I deleted the canoe story of new year’s eve because the events that day are still quite a sensitive issue. We’ve had to rethink procedures and decisions as a part of the canoe club. It’s interesting how a story shifts in shape as you hear other tellings of the same event. For some it was a life-threatening event, others shrugged it off as nothing, or nearly nothing. But no one has taken the event or the loss of the canoe lightly. It was devastating to leave Maunalua behind, and it’s the first time in the nearly one hundred years of the club that a canoe has been lost. Ever. The canoe too has a life, though, a spirit and has transported us between the water and the sky. It is either hiding out there in the bay (we haven’t found her yet) or is on the way to Kauai. That spirit will need to be formally acknowledged before this is over.
Last Thursday I took a load of mailings to the local Kapalama Post Office. Most people don’t know me here in Honolulu and I don’t particularly look local,: not Chinese, Japanese, Filipino, Portuguese, Hawaiian, Samoan, Micronesian, or some blend of the above, though I’ve noticed that in the six years I’ve been here I blend in more and more. Some of the staff at the post office recognize me because I’m a regular customer and usually come dragging in with a stack of large envelopes, boxes and letters. I didn’t know the clerk who waited on me Thursday morning. I recognized her. She’s one of the youngest and newest and probably some mix of Hawaiian, Chinese and haole (white). She greets me warmly. All the staff here is like that: friendly. They are also very exacting in each of their transactions. Nothing gets by them and I’m certain that anything I send from here will make it to where it needs to be with the exact amount of postage and care.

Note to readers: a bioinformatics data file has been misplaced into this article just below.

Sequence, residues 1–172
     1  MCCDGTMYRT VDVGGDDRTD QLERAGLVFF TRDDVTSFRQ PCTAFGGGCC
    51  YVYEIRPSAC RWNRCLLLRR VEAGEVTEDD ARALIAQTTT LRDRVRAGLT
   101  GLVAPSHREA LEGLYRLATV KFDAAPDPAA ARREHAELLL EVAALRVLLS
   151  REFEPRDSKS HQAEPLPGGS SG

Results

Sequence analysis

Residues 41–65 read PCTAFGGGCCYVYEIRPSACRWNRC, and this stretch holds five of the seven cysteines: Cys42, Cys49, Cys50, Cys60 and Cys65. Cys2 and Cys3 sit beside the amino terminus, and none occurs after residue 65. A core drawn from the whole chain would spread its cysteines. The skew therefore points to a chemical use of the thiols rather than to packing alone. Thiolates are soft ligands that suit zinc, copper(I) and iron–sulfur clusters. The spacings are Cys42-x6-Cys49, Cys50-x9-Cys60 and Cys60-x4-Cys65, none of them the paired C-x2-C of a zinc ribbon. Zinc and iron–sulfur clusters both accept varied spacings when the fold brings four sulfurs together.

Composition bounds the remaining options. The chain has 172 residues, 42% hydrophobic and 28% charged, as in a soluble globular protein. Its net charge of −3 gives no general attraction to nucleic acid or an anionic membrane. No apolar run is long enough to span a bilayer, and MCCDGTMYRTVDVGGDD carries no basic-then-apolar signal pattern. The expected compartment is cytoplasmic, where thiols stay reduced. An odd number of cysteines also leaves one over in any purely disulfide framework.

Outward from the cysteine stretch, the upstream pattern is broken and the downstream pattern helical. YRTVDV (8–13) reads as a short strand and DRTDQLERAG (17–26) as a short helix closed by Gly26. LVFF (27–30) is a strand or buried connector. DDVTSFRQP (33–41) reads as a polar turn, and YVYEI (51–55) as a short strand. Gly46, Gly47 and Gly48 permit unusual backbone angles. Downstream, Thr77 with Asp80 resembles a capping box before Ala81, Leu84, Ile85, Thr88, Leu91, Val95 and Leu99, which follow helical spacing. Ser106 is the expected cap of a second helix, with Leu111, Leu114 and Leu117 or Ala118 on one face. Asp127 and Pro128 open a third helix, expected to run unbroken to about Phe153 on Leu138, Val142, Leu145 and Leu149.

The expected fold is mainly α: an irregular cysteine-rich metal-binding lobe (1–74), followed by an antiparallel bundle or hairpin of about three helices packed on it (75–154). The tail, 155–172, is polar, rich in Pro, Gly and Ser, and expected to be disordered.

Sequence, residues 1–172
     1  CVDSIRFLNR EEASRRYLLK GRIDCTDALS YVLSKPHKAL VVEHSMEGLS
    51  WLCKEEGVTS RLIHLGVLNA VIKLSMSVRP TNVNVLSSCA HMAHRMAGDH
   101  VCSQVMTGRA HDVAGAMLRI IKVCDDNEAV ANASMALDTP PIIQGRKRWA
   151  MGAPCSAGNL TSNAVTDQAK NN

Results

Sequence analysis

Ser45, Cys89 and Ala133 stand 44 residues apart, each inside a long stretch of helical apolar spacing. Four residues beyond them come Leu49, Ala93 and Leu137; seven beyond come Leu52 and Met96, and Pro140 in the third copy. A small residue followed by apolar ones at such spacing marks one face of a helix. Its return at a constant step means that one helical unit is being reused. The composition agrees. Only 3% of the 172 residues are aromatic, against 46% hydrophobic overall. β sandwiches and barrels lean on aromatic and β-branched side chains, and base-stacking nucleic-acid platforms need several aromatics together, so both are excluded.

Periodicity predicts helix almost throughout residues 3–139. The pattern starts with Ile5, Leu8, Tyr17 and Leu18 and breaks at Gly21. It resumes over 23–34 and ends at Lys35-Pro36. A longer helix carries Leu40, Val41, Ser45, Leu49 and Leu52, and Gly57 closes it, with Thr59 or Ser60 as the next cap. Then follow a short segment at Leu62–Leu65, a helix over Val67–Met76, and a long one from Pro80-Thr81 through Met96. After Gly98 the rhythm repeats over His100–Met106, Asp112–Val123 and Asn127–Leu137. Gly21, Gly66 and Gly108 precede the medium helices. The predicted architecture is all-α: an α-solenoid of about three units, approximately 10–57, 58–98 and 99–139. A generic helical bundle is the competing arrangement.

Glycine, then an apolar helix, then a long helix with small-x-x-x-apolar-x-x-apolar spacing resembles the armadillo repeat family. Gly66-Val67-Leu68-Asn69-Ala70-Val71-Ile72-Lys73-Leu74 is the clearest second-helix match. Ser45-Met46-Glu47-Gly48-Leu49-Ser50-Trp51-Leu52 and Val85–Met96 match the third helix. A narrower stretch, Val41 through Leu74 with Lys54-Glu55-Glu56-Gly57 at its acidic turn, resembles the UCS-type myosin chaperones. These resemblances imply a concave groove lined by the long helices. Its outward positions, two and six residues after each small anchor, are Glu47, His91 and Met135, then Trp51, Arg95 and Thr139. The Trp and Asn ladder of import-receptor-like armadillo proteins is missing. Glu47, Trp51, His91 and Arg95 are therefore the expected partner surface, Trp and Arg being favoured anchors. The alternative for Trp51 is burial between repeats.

I overheard her tell the customer before me, as she handed him one of the new sheets of stamps for the new year, a set of Chinese new year stamps, something about the numbers and good and bad luck. So while I placed my stack on the counter she reiterated that the numbers of the stamps on one side add up to 444, which for the Chinese is a bad luck number, so they put stamps on both sides and now the numbers add up to 888, a good luck number.
She scanned the label of my first package with her eyes, then casually announced, as if we were in the middle of coffee: “I was talking with A___ A____ the other night.
(Hmm, how does she know A.A.? A.A. used to work with L. And how does she know I know her?)
She continued: “She said you made the best chocolate chip cookies.” We then talked about A.A. for a bit, her gifts and talents. Then I paid up and was on to my next errand in the whirlwind before leaving to start the quarter at UCLA.
That transaction reminds me that in Honolulu I am known first as one of the canoe paddling crowd, who at canoe party jams plays a mean sax, and secondly, as the one who makes those killer chocolate chip cookies. It’s only in the last year that the word is getting out about my other life. That could work for or against me.
Signing out on a rainy rainy Sunday afternoon in LA.